Marking the 50th anniversary of the Sept. 15, 1963, attack by Ku Klux Klan members at the 16th Street Baptist Church

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Charlie's picture

I appreciate you posting these, Jim. As a young guy from a fairly homogenous culture, it's hard to comprehend the world I see in these pictures. I'm attending a historic black church in Princeton, and it's been illuminating to me to see how important some of these 50-year anniversaries are to the people there. Several people in the church participated in both the 1963 march in D.C. and the one this year, and they gave testimonies in church. I think whites in America tend to view the battle for civil rights as limited to a few years in the 60s that got a lot of press, a battle that produced a clean victory for minorities. On the other hand, for black the issue is much more complicated, part of a much longer war that started at emancipation and has no clear end in sight.

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Cor meum tibi offero Domine prompte et sincere. ~ John Calvin

dcbii's picture



I think you hit the nail on the head, though not in the way you might think.  It's the whole idea of this "war [that] ... has no clear end in sight" that is truly baffling to many of us.

The things that can be accomplished through a "war" have largely been changed.  There is no legal slavery in this country.  There are now black leaders in every segment of our society, including sports, entertainment, business, and politics, up through the oval office.  The laws that needed to change have, at least in large part, changed.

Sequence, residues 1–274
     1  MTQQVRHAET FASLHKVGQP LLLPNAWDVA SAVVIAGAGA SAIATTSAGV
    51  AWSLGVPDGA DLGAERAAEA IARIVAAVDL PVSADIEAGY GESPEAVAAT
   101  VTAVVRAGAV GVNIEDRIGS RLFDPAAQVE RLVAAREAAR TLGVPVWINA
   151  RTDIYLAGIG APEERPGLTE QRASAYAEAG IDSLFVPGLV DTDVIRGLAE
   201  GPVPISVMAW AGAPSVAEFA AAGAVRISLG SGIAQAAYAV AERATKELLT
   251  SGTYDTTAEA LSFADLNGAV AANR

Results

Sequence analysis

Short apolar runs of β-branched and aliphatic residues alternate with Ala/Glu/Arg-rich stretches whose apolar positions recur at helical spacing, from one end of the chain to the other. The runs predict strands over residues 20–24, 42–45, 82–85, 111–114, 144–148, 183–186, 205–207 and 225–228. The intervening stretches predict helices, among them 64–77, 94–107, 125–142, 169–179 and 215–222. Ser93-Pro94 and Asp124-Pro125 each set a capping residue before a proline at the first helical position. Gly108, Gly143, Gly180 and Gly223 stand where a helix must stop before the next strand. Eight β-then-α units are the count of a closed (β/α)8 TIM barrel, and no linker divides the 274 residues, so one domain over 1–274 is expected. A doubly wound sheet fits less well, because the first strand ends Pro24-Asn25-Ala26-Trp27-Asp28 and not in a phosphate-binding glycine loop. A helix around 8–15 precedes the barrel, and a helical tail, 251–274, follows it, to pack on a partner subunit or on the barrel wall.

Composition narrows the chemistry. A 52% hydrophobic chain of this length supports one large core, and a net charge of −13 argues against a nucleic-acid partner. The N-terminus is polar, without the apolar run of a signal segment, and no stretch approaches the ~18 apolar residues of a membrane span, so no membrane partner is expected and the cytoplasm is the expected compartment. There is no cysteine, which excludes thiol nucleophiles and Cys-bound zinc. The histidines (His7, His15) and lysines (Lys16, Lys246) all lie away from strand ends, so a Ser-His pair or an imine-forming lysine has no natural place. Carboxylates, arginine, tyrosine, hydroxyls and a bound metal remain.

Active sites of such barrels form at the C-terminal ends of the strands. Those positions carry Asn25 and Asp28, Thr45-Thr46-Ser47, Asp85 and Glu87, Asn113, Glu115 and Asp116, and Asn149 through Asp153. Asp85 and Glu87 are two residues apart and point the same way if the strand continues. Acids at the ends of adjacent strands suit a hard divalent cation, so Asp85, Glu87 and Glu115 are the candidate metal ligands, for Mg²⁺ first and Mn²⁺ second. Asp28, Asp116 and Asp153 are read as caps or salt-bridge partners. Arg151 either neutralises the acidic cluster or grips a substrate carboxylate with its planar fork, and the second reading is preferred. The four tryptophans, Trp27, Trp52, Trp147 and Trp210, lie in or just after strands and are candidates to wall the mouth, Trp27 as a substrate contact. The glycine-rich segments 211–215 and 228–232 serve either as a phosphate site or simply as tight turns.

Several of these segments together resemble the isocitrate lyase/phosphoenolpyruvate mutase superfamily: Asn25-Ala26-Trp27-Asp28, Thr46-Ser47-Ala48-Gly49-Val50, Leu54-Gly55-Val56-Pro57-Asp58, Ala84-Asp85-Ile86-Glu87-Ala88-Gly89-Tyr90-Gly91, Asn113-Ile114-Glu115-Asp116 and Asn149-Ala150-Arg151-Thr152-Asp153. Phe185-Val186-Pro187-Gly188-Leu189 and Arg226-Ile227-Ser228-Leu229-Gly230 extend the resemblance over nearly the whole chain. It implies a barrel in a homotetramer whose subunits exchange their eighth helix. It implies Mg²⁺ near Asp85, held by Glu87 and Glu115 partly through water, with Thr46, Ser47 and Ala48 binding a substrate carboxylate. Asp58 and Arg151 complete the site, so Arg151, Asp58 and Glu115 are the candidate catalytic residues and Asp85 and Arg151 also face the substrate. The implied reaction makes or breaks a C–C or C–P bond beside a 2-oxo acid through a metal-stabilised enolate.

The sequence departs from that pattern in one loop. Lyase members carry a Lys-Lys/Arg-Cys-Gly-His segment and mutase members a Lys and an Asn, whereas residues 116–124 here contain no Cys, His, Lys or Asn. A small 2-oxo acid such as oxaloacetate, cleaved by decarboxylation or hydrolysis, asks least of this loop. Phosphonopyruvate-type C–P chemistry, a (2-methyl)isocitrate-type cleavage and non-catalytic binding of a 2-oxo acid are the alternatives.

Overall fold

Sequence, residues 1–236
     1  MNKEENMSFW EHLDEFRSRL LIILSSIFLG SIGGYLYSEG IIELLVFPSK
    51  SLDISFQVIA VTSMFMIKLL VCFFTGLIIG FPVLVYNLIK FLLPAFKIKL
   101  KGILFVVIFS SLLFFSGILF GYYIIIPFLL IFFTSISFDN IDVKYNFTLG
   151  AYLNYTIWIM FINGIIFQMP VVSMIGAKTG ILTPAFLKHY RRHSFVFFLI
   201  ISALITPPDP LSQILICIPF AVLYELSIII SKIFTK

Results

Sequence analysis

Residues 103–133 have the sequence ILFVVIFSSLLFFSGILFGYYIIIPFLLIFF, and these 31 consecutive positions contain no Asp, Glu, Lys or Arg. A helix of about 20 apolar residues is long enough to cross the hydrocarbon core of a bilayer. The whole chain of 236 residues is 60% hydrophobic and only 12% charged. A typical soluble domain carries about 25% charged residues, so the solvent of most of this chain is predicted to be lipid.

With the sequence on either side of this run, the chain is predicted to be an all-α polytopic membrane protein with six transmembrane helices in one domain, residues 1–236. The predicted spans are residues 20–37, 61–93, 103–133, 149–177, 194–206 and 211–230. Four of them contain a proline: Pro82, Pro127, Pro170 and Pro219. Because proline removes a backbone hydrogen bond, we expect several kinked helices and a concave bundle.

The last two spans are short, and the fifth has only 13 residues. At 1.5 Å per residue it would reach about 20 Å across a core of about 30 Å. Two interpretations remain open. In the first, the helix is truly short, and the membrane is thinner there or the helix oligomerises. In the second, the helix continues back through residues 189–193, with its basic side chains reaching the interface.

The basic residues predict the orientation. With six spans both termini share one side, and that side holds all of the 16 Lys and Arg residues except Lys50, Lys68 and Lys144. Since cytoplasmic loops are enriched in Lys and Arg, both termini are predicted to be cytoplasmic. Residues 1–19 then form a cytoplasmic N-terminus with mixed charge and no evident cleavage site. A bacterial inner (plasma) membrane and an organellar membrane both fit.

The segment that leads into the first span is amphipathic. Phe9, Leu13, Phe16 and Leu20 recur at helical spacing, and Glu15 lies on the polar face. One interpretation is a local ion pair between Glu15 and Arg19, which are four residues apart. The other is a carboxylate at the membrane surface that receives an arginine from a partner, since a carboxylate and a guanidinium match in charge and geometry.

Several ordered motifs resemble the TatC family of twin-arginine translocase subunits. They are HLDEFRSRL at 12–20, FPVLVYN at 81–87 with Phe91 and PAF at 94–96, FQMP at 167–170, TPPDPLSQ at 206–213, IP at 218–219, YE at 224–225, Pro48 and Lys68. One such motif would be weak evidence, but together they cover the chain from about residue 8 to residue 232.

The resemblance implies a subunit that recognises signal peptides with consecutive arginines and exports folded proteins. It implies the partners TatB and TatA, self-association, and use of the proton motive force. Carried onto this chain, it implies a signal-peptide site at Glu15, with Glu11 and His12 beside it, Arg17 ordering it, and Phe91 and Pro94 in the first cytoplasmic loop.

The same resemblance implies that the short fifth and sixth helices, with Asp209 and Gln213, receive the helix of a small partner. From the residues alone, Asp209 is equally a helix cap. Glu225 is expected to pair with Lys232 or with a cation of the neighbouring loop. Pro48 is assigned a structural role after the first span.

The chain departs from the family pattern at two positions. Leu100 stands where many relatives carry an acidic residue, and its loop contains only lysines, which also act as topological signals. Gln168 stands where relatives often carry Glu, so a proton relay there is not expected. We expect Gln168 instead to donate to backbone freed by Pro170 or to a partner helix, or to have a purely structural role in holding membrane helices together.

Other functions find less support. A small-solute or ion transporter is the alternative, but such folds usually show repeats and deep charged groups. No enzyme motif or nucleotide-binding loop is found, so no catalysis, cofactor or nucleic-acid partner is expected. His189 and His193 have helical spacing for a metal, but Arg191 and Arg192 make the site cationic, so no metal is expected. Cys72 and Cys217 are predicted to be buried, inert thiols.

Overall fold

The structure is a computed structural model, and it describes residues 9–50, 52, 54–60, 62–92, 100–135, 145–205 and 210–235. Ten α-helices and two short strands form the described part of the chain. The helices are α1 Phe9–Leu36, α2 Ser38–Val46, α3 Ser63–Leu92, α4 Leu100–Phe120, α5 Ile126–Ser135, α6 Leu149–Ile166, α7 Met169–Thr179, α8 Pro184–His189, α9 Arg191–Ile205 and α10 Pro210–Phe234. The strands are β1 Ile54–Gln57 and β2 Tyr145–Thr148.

I work at an engineering firm, and we have people of just about every race, including blacks, working there in harmony, just average Joes and Janes going about their work.  In fact, looking around at various businesses here in my state, I see blacks working in about every type of business there is, from blue collar to white, and covering the entire spectrum from laborer to senior management.

Now, I would agree that the hearts of all people have not necessarily been changed.  But not only is it an impossible goal to change the hearts of all people, it's something that almost never happens through a "war."  That type of action (or metaphor) just tends to make people dig in to their positions, rather that want to come to some sort of agreement.

If people today see the racial divide as a "war" to be fought as it may have been 50 years ago, then I believe that one of two things is true:  Either the "war with no clear end in sight" will never be won from the point of view of those waging it, or it's one that is never intended to be won, because the "war" itself brings a certain amount of power and influence, especially to some individuals.

King was right when he wanted all people to be judged on their character, but he didn't realize that many people 50 years later wouldn't want to be judged on any criteria, most of all their actual character.

Dave Barnhart